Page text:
Out of my depth in a puddle.
Live life on the edge you will see more that way.
Ridding a motorcycle keeps things in balance.
At the end of each trail and at the end of each day history is made.

Last edited by Rolex; 01-13-2016 at 11:23 PM.
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post #7 of 32 Old 01-13-2016, 06:24 PM
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I have been using a nuvi 14xx on my Vee for a few years. Bought a cradle from GPS city and attached it to the handle bar, more or less covering the speedometer. Vibrations are low, screen easily tilted so it is readable in almost all conditions. It is rendered waterproof by putting a ziplock bag over it when it rains (use electrical tape to keep it place against the wind). A point was raised that the usb connector wants to come out-- after awhile it does... I use a small strip of cloth that I jam into the cradle to keep the connector in place.

The 58LM & 68LM are similar to the 14xx and should work fine. I thought about buying the zumo but too much money for what it's worth.

Also map updating is straight forward using garmin express ( on windows anyway)

Have a good one

Brian
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post #8 of 32 Old 01-13-2016, 07:30 PM Thread Starter
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Thanks for the replies.
If I'm reading Garmin's information correctly both Garmin Nuvi models (58LM & 68LM) have the "Trip Planner" and 1000 way points. I've never used these but if I understand correctly, I could lay out a route and enter way points.

I have read comments that the SW Motech vibration-dampened mount vibrates. I bought it a year ago so I'm kind of stuck with it. Some say they work good on pavement but not on gravel. Others claim the vibration can be reduced by adjusting the tightness of the rubberized connections. I'll give it a try. If it's useless, well I will have learned a lesson about the manufature and avoid them in the future.

I have Bluetooth in my car and never use it so I do't see that as a viable option.

The power connection is a concern. I'll have to think about that vs a Zumo or Rider unit.

Thanks for the input. I'll keep researching options.
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post #9 of 32 Old 01-13-2016, 08:05 PM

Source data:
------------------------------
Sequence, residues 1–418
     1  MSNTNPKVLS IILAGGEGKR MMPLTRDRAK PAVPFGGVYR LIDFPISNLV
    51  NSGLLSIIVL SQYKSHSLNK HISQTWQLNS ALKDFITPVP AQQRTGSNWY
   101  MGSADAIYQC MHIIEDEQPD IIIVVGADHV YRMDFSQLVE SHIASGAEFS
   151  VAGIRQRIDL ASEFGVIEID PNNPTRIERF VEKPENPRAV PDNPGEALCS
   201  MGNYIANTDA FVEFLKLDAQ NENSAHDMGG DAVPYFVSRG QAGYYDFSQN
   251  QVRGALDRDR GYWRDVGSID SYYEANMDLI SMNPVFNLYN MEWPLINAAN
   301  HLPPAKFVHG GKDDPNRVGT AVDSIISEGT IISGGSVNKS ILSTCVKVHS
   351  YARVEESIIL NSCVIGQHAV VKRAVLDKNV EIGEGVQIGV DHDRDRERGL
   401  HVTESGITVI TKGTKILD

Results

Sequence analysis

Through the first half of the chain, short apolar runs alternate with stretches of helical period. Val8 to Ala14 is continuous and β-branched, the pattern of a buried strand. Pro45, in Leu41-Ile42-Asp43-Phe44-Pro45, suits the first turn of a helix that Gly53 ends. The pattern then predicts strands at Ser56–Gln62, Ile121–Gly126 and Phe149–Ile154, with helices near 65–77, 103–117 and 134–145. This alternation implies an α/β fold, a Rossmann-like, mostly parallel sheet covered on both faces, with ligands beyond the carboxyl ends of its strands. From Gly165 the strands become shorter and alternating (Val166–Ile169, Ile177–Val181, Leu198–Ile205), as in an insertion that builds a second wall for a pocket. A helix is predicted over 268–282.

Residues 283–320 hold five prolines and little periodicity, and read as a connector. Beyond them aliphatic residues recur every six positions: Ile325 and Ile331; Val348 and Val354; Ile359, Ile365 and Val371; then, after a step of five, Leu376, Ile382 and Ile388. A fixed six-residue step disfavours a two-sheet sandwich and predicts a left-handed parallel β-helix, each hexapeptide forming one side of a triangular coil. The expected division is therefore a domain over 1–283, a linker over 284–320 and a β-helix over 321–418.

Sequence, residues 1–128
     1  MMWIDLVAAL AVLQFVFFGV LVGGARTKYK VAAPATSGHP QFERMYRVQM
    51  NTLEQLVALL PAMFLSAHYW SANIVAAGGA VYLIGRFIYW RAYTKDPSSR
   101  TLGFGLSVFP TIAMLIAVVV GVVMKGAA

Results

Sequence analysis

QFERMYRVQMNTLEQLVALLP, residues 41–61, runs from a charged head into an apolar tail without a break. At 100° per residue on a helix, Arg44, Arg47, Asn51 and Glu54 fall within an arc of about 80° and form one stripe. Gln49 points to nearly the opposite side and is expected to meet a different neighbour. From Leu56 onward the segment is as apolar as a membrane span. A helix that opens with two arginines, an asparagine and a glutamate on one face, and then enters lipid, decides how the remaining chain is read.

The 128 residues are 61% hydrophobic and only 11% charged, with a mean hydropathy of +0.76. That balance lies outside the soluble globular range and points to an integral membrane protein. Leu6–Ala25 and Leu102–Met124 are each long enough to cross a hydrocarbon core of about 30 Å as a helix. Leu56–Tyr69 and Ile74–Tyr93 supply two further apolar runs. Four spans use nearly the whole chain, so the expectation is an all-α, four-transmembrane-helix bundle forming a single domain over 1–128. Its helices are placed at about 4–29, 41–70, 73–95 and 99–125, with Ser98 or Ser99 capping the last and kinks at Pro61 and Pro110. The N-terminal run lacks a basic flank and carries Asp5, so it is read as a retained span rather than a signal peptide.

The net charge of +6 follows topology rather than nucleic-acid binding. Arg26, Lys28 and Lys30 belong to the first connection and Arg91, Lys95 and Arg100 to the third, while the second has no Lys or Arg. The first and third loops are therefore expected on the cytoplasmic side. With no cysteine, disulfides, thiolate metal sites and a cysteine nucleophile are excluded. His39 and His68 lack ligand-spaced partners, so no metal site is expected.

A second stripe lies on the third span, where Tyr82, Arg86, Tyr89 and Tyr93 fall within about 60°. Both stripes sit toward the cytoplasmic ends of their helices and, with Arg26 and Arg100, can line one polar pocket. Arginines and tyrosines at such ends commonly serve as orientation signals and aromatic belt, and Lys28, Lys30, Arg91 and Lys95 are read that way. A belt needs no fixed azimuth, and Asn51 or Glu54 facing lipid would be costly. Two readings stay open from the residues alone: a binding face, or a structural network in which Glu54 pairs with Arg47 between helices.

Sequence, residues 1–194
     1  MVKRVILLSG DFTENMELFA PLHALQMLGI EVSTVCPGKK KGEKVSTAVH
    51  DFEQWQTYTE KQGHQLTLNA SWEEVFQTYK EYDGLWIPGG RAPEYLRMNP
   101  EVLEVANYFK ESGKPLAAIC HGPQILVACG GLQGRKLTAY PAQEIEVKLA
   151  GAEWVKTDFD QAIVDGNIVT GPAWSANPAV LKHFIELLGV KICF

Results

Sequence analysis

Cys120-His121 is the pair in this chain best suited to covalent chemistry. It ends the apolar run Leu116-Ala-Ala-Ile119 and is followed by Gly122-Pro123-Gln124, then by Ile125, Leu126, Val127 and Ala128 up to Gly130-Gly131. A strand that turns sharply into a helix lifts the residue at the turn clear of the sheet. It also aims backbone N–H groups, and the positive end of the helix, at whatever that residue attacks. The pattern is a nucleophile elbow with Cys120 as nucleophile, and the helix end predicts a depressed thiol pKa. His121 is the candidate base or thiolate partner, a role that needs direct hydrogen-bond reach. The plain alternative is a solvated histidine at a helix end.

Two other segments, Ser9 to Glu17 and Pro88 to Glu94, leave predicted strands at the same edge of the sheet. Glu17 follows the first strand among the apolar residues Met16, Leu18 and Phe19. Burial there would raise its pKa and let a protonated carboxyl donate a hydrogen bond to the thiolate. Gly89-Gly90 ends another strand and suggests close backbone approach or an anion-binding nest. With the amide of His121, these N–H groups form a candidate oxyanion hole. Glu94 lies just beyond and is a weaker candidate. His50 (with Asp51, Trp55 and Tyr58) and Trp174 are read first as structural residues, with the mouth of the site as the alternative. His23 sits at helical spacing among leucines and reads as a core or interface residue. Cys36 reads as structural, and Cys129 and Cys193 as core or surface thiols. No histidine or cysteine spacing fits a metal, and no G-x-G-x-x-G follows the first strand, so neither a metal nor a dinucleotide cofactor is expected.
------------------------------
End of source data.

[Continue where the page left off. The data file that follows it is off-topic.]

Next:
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When you buy a car GPS one of the most important aspects is how bright it is. Normal car GPS are not very bright and you will not be able to see the information you need when the GPS is in bright sunshine! Since most of us prefer to ride when it's nice, this is a real problem.

I use a 3790LT. It is very bright but has a very reflective screen. By adding an anti reflex screen protector it is still quite bright but not as reflective, so that works in direct sunlight. With a ram mount and all openings of the GPS taped shut, it has served me well. You can rotate it 90*. And it does routes, essential for trip planning. Not as good as a MC GPS but now bought used only a fraction of the price. I have it mounted over the dash on a custom dash shelve. Yes it vibrates but when the going is rough you focus on the road, not the GPS. Once the road is reasonable then there is no problem reading the GPS. And you do it without taking your eyes of the road completely!

As regards the power supply. It uses a regular cigarette lighter plug to USB power supply. That has never come out of the speaker unit that cradles the GPS. But you need a power outlet somewhere close by. I mounted mine underneath the dash/ instrument panel and I have 2 power cords installed, one for my ancient GPS that I use around town and don't bother to take off and the one I use for trips. Those cigarette lighter plugs do want to vibrate out, so if the unit stops looses power, that is likely the problem.
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Last edited by blaustrom; 01-13-2016 at 08:12 PM.
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post #10 of 32 Old 01-13-2016, 08:30 PM
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Quote:
Originally Posted by Rolex View Post
By not having Bluetooth instructions being able to see the screen will play a huge part in your ability to use the GPS, you will spend a lot of time looking at a hard to see screen.

My thoughts are that could me into a life threatening situation which would make a Zumo a very cheap product.
I guess...

I don't live in a large city and avoid them whenever I can, so maybe I don't understand. But I've never felt like looking at my GPS has been a life threatening situation, sunny day or not.

Usually my instructions are numerous miles apart, 18 miles, 70 miles, 200 miles, etc.